Jackie Chan, Jet Li Enter ‘The Forbidden Kingdom’

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Two masters share the screen for the first time

To martial arts film fans, the pairing of Jackie Chan and Jet Li is a dream come true — a highly anticipated and rare chance to see two masters share the screen. Think Al Pacino and Robert De Niro going head-to-head in Heat (and the upcoming Righteous Kill), or Marlon Brando and Montgomery Clift in The Young Lions.

The Forbidden Kingdom is the first screen meeting of two legends, something fans have been clamoring to see for almost three decades.  It can’t be easy for any film to live up to such expectations, and, to the filmmakers’ credit, they simply try to make a movie imbued with fun and joy.

Writer John Fusco’s (Young Guns) script is rooted in Chinese mythology — most specifically around the legend of the Monkey King (played by Jet Li) — but intended for an American audience.  To that end, the protagonist is Boston teen Jason Tripitikas (Michael Angarano) who, for reasons unexplained, is the chosen one destined to return a magical staff to the Monkey King, who has been imprisoned by the evil Jade Warlord (Collin Chou).

Jason is transported to ancient China, where he sets off on his quest with the help of the wine-loving Lu Yan (Jackie Chan), the Silent Monk (Jet Li) and the beautiful Golden Sparrow (Liu Yifei).

Director Rob Minkoff (The Lion King) and Fusco clearly have a love for the genre.  Martial arts enthusiasts will delight in the numerous references peppered throughout, including Chan’s nod to his Drunken Master days and Li Bing Bing’s deadly White-Haired Demoness, born straight out of vintage kung fu movies and wuxia novels.

Yes, this is another story about a Caucasian male destined to enter an Asian world to save the day, complete with the lovely Asian female love interest. But, for the most part, the stereotypical land mines are kept to a minimum because the Asian characters are by far the most charismatic presences on screen.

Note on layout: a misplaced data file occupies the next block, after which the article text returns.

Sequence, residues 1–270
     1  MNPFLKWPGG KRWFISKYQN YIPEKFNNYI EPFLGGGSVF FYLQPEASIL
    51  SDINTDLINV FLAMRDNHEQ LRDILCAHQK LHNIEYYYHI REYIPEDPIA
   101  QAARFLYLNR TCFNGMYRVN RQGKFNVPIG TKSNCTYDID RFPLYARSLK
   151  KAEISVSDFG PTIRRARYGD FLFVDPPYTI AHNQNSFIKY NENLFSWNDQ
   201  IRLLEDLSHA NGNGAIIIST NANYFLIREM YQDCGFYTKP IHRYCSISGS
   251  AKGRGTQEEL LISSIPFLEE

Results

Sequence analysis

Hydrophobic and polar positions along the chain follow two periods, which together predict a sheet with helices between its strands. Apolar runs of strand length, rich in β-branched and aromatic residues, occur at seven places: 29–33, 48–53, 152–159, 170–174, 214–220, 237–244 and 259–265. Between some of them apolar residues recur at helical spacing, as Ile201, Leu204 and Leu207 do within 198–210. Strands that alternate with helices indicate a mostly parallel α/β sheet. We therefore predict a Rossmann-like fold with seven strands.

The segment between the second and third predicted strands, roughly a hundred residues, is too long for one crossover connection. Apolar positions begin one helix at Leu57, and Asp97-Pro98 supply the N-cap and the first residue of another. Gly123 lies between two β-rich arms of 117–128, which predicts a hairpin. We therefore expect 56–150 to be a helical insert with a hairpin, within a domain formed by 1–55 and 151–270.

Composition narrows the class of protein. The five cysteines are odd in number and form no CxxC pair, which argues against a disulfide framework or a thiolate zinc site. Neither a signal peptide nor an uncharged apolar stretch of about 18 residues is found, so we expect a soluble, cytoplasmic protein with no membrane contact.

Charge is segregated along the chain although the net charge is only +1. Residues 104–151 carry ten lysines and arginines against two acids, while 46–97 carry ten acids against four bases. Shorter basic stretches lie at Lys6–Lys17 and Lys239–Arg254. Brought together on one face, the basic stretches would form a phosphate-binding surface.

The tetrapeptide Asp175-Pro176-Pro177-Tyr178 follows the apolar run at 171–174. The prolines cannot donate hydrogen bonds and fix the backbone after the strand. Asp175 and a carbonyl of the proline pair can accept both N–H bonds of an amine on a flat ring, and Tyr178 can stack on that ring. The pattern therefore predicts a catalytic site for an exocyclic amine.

Regarding the fight sequences, action choreographer Woo-Ping Yuen (The Matrix) does his usual stellar work. The fights employ a mix of styles and are impressive, but bloodless enough to make the film acceptable to children and adults alike.

Of course, the audience is mainly there to see Chan and Li duke it out against each other.  I’ve heard some grumbling that the two stars are too old to be at their best and that this pairing should have come 15 years ago.  Chan and Li may be past their prime, but the criticism is unfair.  When the big moment comes about halfway through the film and the two battle inside an ancient temple, it’s still impressive.  If there are any letdowns, it is the fact that, by now, we’ve seen what these two can do so many times that it no longer has the same wondrous effect.  But had this scene played in exactly the same way with two unknown newcomers, we’d be proclaiming them the future of martial arts films.

The Forbidden Kingdom is a film that very much wants to be liked and wants to entertain every person in the audience. You’re likely to enjoy the film as it plays but may immediately forget about it when you leave the theater. The Forbidden Kingdom is the cinematic equivalent of a Big Mac, and if you allow yourself to enjoy it for what it is, you just may have a nice night at the movies.

The Forbidden Kingdom opens on April 18.

Philip W. Chung is a writer and co-artistic director of Lodestone Theatre Ensemble.   Lodestone’s next production of Nic Cha Kim’s Trapezoid runs from April 19 to May 25 in L.A.  For more info: lodestonetheatre.org.

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